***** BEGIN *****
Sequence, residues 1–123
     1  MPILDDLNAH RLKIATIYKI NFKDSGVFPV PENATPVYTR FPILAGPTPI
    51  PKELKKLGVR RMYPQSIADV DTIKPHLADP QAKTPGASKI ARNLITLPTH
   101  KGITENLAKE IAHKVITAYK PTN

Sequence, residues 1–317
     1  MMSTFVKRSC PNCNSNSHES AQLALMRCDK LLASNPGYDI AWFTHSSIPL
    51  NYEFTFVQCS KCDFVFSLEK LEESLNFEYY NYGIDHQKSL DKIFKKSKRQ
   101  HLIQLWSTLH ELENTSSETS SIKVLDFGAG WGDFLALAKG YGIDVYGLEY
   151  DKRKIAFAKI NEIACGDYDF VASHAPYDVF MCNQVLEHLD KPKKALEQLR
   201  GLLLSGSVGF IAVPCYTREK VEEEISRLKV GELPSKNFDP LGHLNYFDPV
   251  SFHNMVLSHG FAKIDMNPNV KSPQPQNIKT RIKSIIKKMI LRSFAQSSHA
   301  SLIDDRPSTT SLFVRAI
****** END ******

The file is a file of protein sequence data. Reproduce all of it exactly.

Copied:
Sequence, residues 1–123
     1  MPILDDLNAH RLKIATIYKI NFKDSGVFPV PENATPVYTR FPILAGPTPI
    51  PKELKKLGVR RMYPQSIADV DTIKPHLADP QAKTPGASKI ARNLITLPTH
   101  KGITENLAKE IAHKVITAYK PTN

Sequence, residues 1–317
     1  MMSTFVKRSC PNCNSNSHES AQLALMRCDK LLASNPGYDI AWFTHSSIPL
    51  NYEFTFVQCS KCDFVFSLEK LEESLNFEYY NYGIDHQKSL DKIFKKSKRQ
   101  HLIQLWSTLH ELENTSSETS SIKVLDFGAG WGDFLALAKG YGIDVYGLEY
   151  DKRKIAFAKI NEIACGDYDF VASHAPYDVF MCNQVLEHLD KPKKALEQLR
   201  GLLLSGSVGF IAVPCYTREK VEEEISRLKV GELPSKNFDP LGHLNYFDPV
   251  SFHNMVLSHG FAKIDMNPNV KSPQPQNIKT RIKSIIKKMI LRSFAQSSHA
   301  SLIDDRPSTT SLFVRAI